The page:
This particular feature of the scheme was under the spotlight when CareShield Life was first debated in Parliament in July last year.

Several MPs, including Non-Constituency and Nominated MPs, like Ms Jessica Tan, Mr Leon Perera, Ms Irene Quay, Ms Tin Pei Ling, Associate Professor Walter Theseira and Ms Anthea Ong, advocated for the premiums to be gender neutral.

While Ms Tin acknowledged that the rationale for women having to pay higher premiums is their longer lifespan and high risk of disability, she said that women already are “losing out” to men in terms of earnings and savings as many exit the workforce to care for their families.

“How is this considered fair? And what help can women expect to receive?” she asked in Parliament.

Ms Quay questioned whether differential premiums by gender today may eventually lead to premiums being differentiated by race or other genetic risk factors in the future.

In responding to these concerns on behalf of Mr Gan, Senior Minister of State for Health Edwin Tong said that the scheme was designed to be "actuarially consistent” and that gender-neutral premiums would make the scheme “unsustainable”.

Men may also be discouraged from joining the scheme as their premiums would be disproportionately used to service payouts for women, given that women have a higher chance to require disability support.

Having gender-differentiated premiums was also a recommendation from the consultant the ministry hired when designing the scheme.

In response to Ms Quay’s concerns, he said that gender-differentiated premiums have been well-established globally but those based on race and other genetic factors are not.


Several MPs also raised the issue of how young Singaporeans under the age of 30 and suffering from severe disabilities could be supported since they would not come under CareShield Life.

Ms Ong believes that children and youth should also be part of this national scheme before they turn 30, and have their premiums paid by their parents.

“CareShield Life covers pre-existing disabilities for all future cohorts, which is laudable. But it leaves a huge gap for those who are severely disabled and requires long-term care support before 30. This is even more so for children who are diagnosed with life-limiting diseases,” she added.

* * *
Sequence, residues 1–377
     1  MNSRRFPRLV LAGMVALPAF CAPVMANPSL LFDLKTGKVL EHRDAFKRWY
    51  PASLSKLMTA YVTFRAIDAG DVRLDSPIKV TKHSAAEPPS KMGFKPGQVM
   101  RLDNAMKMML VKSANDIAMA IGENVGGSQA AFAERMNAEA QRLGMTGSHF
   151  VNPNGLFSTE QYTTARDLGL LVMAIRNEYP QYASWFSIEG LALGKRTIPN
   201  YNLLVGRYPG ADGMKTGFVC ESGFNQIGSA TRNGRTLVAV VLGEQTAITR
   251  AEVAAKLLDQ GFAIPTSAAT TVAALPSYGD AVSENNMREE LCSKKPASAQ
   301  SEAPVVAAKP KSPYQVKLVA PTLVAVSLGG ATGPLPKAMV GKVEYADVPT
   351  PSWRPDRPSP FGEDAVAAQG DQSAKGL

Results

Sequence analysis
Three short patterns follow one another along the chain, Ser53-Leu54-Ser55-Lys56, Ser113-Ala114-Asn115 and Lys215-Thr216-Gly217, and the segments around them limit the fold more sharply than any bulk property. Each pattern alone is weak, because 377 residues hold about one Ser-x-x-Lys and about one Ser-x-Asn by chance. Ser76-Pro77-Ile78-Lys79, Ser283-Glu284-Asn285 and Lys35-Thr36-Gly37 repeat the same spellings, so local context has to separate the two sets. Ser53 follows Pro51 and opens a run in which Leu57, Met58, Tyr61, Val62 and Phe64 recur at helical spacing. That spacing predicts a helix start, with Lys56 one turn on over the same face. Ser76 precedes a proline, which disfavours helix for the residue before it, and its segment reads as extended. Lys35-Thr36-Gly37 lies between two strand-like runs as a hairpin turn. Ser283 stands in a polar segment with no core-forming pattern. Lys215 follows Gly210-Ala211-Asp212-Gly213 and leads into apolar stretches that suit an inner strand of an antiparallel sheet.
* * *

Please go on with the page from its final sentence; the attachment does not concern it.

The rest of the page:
In response, Mr Tong said that the purpose of CareShield Life is primarily to provide financial support for Singaporeans who become severely disabled during old age, as that is when they would most likely need long-term care.

He said that there are other schemes available, such as MediShield Life, the Home Caregiving Grant, MediFund and ComCare, that can support young Singaporeans who are severely disabled.


The assessment of how disabled a person is, and whether that includes mental disabilities, were also raised by several MPs.

Currently, a Singaporean would be considered severely disabled if he or she cannot independently perform three out of six specific activities of daily living, such as eating, bathing, dressing, transferring (from the chair to bed, for instance), going to the toilet, and walking or moving around.

Ms Ong felt that the definition was “too narrowly defined” as it excludes those with mental health conditions.

For one thing, a person who is able to perform a number of activities for daily living may not be assessed to be severely disabled, but he or she could be struggling to perform other activities just as essential to everyday life, such as communicating or simple problem solving.

Ms Tan echoed that sentiment, noting that “mental illness and dementia can significantly impair cognitive and behavioural functioning and interfere with normal activities and relationships”.

“These can be as disabling as any physical disability,” she added.

Mr Tong said that MOH has been working with experts to improve the framework they use to assess disability, in particular to “explicitly recognise the impact of cognitive impairment on physical disability”.

Under the new framework, assessors would have to consider whether a person’s problem-solving ability and memory has an impact on his or her ability to perform an activity of daily living, if that person is suspected to be cognitively impaired.

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CareShield Life Parliament ElderShield Gan Kim Yong disabilities